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  1. Zephyr says

    Any permit system that takes multiple articles to explain and requires an ongoing update page is not going to be understood by the average hiker, if they even know these new regulations exist before attempting a hike from the AMR lot. The parking restrictions are just going to further aggravate a dangerous and hard to understand situation. It’s hard to imagine how they could have created a worse system.

  2. Ned says

    So do the members of the Ausable Club need to make reservations? Guess they don’t count. Glad the rich are now controlling access to the Adirondacks!

    Overuse of trails? Get real, the DEC needs to completely rethink the way they maintain trails, not limit the people who can experience the Adirondacks. I would rather not, but seeing as the number of visitors keeps growing each year what really needs to be done is popular trails, for example most of the trails at the lodge, is they need to be properly built up – not dirt trails that are the cause of trail erosion. I’m not saying pave a path to the top of Marcy, but there needs to be trails built that can withstand a high amount of hikers. People will complain that this is not the nature of the Adirondacks, but to protect the Adirondacks creating trails that can handle a high throughput if hikers will, in the long run, prevent trail erosion better than the current meta of relying on crappy dirt footpaths. When it rains or it is wet, people expand these footpaths by walking around it, this accumulates overtime and you can see how this has effected many popular trails in the Adirondacks.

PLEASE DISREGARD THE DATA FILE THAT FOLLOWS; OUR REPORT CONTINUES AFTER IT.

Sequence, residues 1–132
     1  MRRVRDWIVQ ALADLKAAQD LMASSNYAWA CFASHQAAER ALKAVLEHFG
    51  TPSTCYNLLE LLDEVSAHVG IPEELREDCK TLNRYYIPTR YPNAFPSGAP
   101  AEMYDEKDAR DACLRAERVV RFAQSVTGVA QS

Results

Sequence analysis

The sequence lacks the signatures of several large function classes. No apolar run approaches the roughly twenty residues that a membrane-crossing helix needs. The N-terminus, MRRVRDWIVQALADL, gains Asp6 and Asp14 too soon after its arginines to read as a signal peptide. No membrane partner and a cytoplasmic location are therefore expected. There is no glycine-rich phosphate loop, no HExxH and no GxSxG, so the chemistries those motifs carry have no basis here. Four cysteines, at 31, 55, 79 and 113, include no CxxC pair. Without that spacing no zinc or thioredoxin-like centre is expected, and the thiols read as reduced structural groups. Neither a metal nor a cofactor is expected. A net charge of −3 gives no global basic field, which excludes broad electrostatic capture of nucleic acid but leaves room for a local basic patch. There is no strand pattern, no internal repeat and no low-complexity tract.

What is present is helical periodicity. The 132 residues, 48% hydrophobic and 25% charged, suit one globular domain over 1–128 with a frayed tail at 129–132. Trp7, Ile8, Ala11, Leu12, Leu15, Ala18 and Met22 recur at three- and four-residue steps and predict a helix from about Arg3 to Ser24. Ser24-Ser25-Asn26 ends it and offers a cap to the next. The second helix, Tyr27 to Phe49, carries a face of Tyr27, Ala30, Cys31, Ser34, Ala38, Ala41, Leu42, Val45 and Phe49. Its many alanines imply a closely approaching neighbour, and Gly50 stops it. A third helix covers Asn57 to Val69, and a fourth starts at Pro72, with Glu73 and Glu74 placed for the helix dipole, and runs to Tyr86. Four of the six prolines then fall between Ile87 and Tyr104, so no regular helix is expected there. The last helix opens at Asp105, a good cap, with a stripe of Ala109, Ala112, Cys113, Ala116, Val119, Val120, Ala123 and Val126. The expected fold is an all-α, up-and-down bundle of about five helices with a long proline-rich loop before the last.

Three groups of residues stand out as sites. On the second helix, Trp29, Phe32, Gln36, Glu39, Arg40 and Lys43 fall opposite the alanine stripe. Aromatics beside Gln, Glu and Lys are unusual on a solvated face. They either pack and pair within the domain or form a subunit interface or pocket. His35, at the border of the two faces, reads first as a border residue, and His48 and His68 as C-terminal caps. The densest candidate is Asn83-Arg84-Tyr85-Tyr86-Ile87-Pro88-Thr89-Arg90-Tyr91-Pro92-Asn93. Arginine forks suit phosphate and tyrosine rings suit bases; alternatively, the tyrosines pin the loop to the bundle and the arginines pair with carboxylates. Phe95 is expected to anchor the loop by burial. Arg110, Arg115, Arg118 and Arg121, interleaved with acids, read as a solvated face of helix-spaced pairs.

The Ausable Club is a joke and I do not respect the institution. The Ausable club should have no rights to the AMR!

  3. nathan friend says

    this is just rediculous, it’s going to become only people with big wallets can hike the trails or even get to trails. there will be no simply go for ride and stop to do something, but rather months in advance to plan an outting. fix the trails and increase parking, fix issues not make it worse. I found simpler solution, i now hike obscure trails and avoid the crowds. get smart and avoid the crowds, spread the load else where and avoid the crunch.
    Route 73 has become so over crowded with idiots parking all over the road and then let kids out into the road, dont supervise their kids as they unload their gear. they need to create parking and shuttle buses to those areas and any illegal parking, slap $200 fine, repeat $500 and tow. use those tickets to fund enforcement and shuttles. from keene to placid, 73 has become unsafe traffic jam because of illegal parking and lack of proper facilities. how many kids have to die or darwin awards handed out???
    i love one idiot as i come around corner walking into road and trying to block traffic for bunch of kids to cross, from a blind corner where its 55 MPH???? almost got his darwin award!

  4. MARALYN MASTER says

    If not for the Ausable Club—these beautiful woods would have been sold in the 1890’s and lumbered over by ruthless lumber companies.

    The Ausable Club has cared for and protected these gorgeous lands so now you can partake in their beauty too.!!

    • Jesse says

      And if not for the state of New York bailing out the AMR from bankruptcy back in the late 1970’s in exchange for hiker access to this land, the state would own all of this property and there would be no issue…

  5. hiker says

    In the text of the easement document, it states that the easement remains in perpetuity, meaning forever, except in times of natural disaster like floods or fire. In order for them to restrict access, BOTH parties (the State of New York and the AMR) must agree on the restrictions. This did not happen people! The State of New York is not just a few reps from the DEC, it is all of the people of the state, meaning there must be referendum prior to any restrictions. There has been NO REFERENDUM, therefore this hiker reservation system should cease and desist immediately.

  6. Zephyr says